Since the epic 23 June, an umbrella organisation has been created (M 23), gathering both the political and the social opposition to the regime. One month later, a successful demonstration was organised. Nevertheless, the regime has been flexing its muscles. New demonstrations are scheduled every month with the inevitable confrontation between the regime and its opponents.
It’s always difficult to foresee how the story will end. But Wade’s power has reached a deadlock. Historical figures from PDS have joined the M23 including Aminata Tall, formerly leader of the women’s organisation of the party, as well as certain intellectuals in the PDS who have openly expressed their hostility to Wade’s third mandate. Many are now saying that he must not be re-elected even with the ndigí¼el (religious order) of the islamic brotherhoods. On the contrary, some of the religious leaders have advised him to compromise with his opponents.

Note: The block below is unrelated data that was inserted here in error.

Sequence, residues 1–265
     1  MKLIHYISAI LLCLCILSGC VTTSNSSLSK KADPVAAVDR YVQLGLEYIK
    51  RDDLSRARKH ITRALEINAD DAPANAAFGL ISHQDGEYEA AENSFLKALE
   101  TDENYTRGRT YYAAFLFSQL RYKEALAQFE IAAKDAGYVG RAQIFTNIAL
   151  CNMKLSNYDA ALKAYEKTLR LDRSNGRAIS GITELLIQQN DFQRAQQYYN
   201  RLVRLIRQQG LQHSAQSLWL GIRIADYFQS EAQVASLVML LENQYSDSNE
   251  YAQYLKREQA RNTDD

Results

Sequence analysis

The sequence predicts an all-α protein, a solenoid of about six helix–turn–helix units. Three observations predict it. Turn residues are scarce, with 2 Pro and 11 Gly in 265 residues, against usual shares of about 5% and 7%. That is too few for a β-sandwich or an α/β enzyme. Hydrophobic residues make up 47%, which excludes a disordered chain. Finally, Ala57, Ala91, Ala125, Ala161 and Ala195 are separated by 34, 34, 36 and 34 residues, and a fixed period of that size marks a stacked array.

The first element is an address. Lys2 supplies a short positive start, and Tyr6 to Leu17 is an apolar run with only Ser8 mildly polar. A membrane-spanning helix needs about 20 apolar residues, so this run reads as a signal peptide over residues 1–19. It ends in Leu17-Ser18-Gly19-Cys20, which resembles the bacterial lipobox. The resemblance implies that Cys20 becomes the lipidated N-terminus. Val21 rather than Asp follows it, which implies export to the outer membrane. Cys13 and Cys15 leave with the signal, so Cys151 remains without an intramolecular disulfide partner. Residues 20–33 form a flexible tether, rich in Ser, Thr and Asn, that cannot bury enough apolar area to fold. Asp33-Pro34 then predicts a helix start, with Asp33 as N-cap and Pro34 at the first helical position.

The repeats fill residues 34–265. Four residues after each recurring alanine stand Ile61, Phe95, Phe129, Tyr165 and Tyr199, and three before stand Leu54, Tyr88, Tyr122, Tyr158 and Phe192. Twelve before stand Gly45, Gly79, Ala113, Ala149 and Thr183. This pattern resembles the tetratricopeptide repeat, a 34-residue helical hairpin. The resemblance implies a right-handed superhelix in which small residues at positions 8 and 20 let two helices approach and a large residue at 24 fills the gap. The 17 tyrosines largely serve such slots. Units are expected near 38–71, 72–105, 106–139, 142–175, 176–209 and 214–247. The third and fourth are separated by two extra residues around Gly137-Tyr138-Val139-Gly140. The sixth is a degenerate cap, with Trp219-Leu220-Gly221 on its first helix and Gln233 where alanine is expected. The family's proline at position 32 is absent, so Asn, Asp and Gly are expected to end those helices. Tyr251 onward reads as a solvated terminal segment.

External support (even from France) is no longer guaranteed. Robert Bourgi, a prominent member of the “˜Franí§afrique’ network, made a calculated indiscretion, revealing that Karim Wade had asked him for military intervention from the French. French Minister of Foreign Affairs, Alain Juppé has also expressed implicit criticism. Senegal has always been a “˜vitrine’ (a “˜showcase’) of the French in Africa. Even in the context of a recent direct intervention in Cote d’Ivoire and with some dynastic successions in Togo or Gabon inside the French “˜pré carré (“˜territory’). Senegal should be treated differently, which doesn’t mean indifference: contacts may already exist with some political leaders in a position to bring about the end of Wade’s regime.